“The poem is a nonsense poem,” I added. “‘Jabberwock’ can mean that, too: nonsense. It’s wordplay. That’s what Ginny did. She played with Lewis Carroll’s wordplay. There’s portmanteau, blending two words to create a new one: ‘be’ and ‘where’ become ‘bewhere.’ ‘Jabber’ and ‘walk,’ ‘jabberwalk.’ Then, ‘nigh fun’ rhymes with ‘my son.'”

“What is ‘nigh’?”

“Near or almost,” I answered.

Laura held up the strip of paper to the mirror again.

“So… be where the jabber walk—on the chessboard—because it’s almost fun? Christ, Ginny needs some serious help.”

I laughed at the sudden obviousness. “She’s being a smartass. With us on a walk, there would be jabbering. If we walk, we jabber: jabberwalk.”

“We do not jabber.”

“So how is it a clue?”

Susan reasoned, “I think it just validates that we’re right. We’re Alice. We’re on the other side of the looking-glass, and we need to walk the chessboard. We need to get to the spot Kate says is for the White Queen’s pawn.”

“All right, let’s do it!”

“I still don’t think we jabber.”

“We don’t jabber. Does anybody have to pee?”

“I do.”

“Me, too.”

“Me, three.”

“Get moving then,” Laura said with a flicking wrist. “You have five minutes.”

I had consumed enough coffee to warrant at least ten.

“Meet out front,” she ordered. “Five minutes.”

We grabbed our things, but Laura stole the map from me and remained seated. The rest of us zoomed to be first to the bathroom. With the seven of us crammed into the two-stall space, it became rather obvious: Ginny was right. We did jabber. Boy, did we jabber.

We finished our business and poured out the front door.

A moment later, Laura exited the restaurant waving the map. She announced, “A train is public transit. Granton doesn’t have trains, but it’s got buses, and the bus station is on the block we’re going to. I say we head to the bus station.”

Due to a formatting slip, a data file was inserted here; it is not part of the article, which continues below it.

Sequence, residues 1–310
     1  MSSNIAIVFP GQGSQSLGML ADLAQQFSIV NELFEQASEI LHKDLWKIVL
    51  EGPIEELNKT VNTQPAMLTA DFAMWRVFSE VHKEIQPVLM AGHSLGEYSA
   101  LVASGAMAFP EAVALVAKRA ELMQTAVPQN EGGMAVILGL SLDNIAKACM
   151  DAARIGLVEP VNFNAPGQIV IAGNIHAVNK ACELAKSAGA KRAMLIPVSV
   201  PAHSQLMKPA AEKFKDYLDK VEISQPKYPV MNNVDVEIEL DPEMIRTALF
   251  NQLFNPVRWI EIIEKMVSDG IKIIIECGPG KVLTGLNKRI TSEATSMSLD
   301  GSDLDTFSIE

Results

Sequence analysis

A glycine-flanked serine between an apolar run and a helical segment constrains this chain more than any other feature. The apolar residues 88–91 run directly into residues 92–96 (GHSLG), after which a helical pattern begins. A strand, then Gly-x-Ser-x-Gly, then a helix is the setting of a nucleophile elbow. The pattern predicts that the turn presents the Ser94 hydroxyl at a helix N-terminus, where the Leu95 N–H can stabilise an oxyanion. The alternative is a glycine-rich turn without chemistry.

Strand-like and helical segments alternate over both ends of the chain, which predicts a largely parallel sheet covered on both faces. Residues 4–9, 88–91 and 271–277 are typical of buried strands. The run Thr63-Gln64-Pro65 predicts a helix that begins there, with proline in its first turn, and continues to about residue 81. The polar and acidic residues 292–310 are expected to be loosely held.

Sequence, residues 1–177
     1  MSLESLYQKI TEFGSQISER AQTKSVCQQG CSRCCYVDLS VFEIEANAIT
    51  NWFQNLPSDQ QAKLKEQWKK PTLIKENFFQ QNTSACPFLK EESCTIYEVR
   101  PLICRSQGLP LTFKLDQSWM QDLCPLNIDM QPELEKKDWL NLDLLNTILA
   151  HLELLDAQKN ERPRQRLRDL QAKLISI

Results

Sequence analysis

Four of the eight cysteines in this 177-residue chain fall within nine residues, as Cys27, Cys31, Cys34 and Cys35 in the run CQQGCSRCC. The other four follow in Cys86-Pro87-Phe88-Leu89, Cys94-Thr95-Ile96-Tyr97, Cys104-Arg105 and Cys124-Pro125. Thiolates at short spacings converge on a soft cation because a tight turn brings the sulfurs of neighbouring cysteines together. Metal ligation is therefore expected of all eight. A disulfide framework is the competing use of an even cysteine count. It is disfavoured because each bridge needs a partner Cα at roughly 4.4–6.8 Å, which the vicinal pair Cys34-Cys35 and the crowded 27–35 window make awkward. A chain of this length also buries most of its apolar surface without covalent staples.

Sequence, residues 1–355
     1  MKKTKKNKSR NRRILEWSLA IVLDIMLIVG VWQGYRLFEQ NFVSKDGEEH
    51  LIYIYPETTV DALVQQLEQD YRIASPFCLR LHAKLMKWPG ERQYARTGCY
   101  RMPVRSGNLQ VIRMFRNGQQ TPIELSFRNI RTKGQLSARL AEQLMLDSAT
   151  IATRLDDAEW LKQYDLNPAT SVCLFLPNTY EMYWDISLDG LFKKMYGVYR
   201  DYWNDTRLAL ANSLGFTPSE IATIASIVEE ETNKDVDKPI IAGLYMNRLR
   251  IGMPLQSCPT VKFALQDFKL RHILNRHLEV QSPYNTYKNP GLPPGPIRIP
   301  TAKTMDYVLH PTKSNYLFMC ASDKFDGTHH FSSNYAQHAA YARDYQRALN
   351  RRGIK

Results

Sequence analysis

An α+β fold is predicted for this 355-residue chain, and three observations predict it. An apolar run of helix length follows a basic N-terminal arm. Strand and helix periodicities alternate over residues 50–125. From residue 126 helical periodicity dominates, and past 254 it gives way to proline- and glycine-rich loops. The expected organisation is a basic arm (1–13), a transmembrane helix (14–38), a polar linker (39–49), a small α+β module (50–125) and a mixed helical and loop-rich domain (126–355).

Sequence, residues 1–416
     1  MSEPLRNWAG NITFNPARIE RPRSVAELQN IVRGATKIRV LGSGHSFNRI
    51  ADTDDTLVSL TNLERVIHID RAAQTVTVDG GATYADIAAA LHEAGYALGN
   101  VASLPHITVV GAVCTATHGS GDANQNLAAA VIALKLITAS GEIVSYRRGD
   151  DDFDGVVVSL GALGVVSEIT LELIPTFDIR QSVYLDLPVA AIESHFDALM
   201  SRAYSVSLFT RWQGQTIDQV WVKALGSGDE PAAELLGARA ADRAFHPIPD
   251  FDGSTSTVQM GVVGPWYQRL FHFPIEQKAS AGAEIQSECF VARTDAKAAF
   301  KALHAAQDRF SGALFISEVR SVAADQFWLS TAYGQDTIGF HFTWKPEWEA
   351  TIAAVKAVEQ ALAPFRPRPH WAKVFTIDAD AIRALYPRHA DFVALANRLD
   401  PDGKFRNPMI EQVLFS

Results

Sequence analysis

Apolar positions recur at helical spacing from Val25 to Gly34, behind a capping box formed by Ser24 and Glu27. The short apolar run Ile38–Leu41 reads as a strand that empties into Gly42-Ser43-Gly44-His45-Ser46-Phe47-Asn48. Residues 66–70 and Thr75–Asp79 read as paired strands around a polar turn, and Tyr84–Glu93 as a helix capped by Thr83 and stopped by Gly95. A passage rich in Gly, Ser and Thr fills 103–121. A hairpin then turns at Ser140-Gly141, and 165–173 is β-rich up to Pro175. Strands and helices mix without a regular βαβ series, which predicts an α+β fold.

Holly slid her arm around her. “You’re good, babe!”

“Makes more sense than anything else.”

“All right, the bus station it is.”

With a mission in mind, the jabberers walked. Laura and I lagged and silently shared a cigarette.

Soon, the glass door of Granton Transit parted to let us enter yet another sterile and unwelcoming building. I started thinking maybe there was a story here. The Chamber of Commerce had been bitching about a drop in tourism. Maybe it was our demeanor and not the sucky economy.

Immediately, Laura jumped into crime-scene mode. “All right, spread out and look for clues … or a Dolores. Look at everything backward and forward. Find something!”

Maggie waved a flyer she snatched from a rack. “Maybe we’re just supposed to figure out the correct bus line that’ll get us to the fourth square.”

“All right, Novak,” Laura said with a nod, “see if you can figure it out. The rest of us spread out and look for clues or a Dolores. Remember, look at everything backward and—”

“Um, I don’t really think that’s necessary,” Claudia interrupted.

We all turned to look at her and found her index finger pointing to the far wall.

There sat Ginny.

She did not look at all happy to see us. I couldn’t tell for certain whether her face was truly reddened or whether it was the glare off her red university sweatpants and sweatshirt. Her leg bounced up and down, and she repeatedly glanced to her watch.

Very, very cautiously, we approached her.

“‘Where do you come from?'” she haughtily asked. “‘And where are you going? Look up, speak nicely, and don’t twiddle your fingers all the time.'”

“We came from Stacked,” Janice bravely answered as we tried to resist the urge to laugh or tremble with fear or both. “And we’re going—”

“We’ve lost our way!” Susan loudly blurted. She whispered something to Maggie, who in turn relayed it to the group: Ginny was the Red Queen, reciting from the book.


“‘I don’t know what you mean by YOUR way,'” Ginny spouted, “‘all the ways about here belong to ME—but why did you come out here at all?'”

All eyes shot to Susan for the appropriate answer. I’d have bet we all had read the story, but odds were better that no one except for Susan knew it verbatim. When her face registered panic, I realized she didn’t either.

Before she could even formulate an answer or cast a line of BS, Ginny said, “‘Curtsey while you’re thinking what to say, it saves time.'”

Awkwardly, Susan curtsied. It looked strange as hell, but no one blamed her for not wanting to play in traffic—and no one laughed. Especially when Ginny shot us all looks that demanded the same from us.

And we curtsied.

Okay, everyone curtsied except Laura.

Ginny rose from her chair and marched to stand directly in front of Laura. “Curtsey,” she ordered.